New York’s Life Boost

July 7, 2012 in Daily Bulletin

Aaron Carroll reported on a fascinating trend: New York City’s life expectancy has been rising much faster than the rest of America’s life expectancy (perhaps the film-makers are somehow helping?) Highlights include:

  • The most impressive is Manhattan. Its life expectancy rose by 10 years between 1987 and 2009. In the rest of the US it only increased by 1.7 years per decade.
  • This might be due to various NYC health initiatives. They include calorie labels on chain restaurant menu items like McDonald’s Big Mac, a ban on trans-fat as well as public smoking, and extra bicycle lanes.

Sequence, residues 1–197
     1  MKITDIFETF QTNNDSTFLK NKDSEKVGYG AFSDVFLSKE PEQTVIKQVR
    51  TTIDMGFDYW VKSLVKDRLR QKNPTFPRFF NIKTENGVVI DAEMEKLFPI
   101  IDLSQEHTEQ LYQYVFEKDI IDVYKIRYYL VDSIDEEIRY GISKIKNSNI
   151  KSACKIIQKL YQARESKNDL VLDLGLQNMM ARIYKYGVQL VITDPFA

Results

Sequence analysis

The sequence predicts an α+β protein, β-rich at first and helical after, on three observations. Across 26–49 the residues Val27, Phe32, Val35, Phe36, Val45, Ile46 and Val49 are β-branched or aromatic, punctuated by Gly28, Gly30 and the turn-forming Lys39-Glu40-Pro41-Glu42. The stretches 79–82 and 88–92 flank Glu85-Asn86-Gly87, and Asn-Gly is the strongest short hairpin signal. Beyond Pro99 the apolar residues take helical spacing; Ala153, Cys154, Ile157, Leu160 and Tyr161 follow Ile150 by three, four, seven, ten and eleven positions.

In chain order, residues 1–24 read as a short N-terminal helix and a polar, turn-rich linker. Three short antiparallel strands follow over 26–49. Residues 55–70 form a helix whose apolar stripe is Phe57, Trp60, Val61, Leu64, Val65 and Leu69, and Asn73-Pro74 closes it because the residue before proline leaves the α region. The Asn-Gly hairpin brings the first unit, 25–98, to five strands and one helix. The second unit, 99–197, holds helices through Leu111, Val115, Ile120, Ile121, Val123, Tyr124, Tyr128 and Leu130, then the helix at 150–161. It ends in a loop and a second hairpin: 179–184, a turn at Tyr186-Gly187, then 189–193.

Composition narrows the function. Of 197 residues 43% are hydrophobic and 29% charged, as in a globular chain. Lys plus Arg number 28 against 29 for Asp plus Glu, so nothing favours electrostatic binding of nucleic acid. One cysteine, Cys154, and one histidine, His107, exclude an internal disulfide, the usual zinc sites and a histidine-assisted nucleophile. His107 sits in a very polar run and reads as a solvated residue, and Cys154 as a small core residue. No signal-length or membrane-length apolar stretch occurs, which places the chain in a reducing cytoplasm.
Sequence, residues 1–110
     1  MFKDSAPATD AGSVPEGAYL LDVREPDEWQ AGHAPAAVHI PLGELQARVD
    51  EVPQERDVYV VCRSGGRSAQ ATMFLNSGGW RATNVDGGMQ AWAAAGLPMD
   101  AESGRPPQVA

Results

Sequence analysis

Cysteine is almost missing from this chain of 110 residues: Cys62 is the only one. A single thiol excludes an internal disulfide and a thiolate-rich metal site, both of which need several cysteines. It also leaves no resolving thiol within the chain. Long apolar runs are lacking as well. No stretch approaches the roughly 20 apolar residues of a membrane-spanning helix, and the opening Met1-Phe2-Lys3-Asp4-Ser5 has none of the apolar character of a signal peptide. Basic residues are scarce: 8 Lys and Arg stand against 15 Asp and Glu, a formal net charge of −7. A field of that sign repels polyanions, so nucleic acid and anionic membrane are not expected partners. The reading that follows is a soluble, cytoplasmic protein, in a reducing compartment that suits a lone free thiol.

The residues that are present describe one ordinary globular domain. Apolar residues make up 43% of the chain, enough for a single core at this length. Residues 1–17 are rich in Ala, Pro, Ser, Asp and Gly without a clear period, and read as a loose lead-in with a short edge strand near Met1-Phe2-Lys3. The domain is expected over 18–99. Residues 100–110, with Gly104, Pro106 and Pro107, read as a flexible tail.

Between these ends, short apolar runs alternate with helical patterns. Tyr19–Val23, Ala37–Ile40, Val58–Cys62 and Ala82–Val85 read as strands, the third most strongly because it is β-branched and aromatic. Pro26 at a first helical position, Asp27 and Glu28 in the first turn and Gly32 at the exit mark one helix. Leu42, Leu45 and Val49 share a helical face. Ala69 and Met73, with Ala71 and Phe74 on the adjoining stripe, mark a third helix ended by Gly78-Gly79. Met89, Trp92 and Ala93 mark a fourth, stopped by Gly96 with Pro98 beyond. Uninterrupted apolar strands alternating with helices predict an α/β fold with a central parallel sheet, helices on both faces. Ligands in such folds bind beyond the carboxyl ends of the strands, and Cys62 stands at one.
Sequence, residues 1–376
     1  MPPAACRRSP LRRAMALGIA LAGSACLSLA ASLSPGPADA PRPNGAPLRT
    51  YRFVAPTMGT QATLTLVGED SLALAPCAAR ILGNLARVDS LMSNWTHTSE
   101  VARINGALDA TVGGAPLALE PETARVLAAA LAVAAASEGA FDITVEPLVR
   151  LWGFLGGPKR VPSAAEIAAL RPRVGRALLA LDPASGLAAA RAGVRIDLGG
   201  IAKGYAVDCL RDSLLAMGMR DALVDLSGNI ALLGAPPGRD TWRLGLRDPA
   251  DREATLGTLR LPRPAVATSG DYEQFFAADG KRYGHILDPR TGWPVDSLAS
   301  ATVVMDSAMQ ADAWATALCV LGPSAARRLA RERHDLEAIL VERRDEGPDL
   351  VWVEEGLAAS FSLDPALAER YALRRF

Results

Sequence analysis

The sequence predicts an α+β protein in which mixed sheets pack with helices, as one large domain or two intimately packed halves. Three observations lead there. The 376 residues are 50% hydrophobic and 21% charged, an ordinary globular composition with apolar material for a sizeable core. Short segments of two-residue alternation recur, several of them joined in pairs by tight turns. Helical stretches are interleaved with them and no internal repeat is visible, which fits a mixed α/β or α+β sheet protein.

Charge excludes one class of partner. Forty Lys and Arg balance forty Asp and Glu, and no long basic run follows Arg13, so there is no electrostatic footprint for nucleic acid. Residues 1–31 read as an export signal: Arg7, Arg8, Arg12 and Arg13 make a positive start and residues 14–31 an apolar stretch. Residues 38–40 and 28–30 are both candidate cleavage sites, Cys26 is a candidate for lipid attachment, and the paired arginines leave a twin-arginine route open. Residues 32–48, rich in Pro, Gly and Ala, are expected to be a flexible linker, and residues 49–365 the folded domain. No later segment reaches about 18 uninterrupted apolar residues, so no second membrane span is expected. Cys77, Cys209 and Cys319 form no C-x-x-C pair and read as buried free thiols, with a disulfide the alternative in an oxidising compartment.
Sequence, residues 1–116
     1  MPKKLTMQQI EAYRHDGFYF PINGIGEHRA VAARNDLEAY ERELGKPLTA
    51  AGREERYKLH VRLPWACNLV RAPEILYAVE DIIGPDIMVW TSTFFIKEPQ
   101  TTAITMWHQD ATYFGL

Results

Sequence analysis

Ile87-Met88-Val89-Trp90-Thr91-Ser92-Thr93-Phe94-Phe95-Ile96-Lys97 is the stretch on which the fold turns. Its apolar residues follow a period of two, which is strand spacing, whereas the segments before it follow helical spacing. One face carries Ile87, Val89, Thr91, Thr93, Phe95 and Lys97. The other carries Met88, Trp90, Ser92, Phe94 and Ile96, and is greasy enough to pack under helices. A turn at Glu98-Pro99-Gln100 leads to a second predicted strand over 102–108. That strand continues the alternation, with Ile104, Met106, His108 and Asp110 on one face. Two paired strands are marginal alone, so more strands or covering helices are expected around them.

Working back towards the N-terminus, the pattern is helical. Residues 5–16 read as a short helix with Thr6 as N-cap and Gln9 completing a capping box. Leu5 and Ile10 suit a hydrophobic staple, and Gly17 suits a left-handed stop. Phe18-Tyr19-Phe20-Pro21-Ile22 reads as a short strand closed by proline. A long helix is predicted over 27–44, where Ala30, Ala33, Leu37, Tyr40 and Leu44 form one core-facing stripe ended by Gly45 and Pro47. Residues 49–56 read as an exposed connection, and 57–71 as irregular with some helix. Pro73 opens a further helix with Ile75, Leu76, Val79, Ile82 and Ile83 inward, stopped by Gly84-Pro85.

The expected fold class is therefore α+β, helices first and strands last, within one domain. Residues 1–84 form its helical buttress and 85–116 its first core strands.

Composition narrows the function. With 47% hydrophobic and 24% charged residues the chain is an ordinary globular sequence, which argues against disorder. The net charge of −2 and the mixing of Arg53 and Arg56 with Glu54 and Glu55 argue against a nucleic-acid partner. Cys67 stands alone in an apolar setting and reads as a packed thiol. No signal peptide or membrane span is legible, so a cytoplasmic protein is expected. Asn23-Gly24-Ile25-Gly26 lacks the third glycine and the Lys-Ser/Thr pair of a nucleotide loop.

• The Bronx is the poorest urban county in the United States, yet it was still in the top percentile of America’s 3147 cities and counties in terms of life expectancy gains.

To read more including other reasons for why it might have risen, why it can’t be due to the reduction in homicides and traffic fatalities, why immigration isn’t the likely explanation, and a link to a follow-up post responding to the criticisms that have arisen, click here.

Source: The Incidental Economist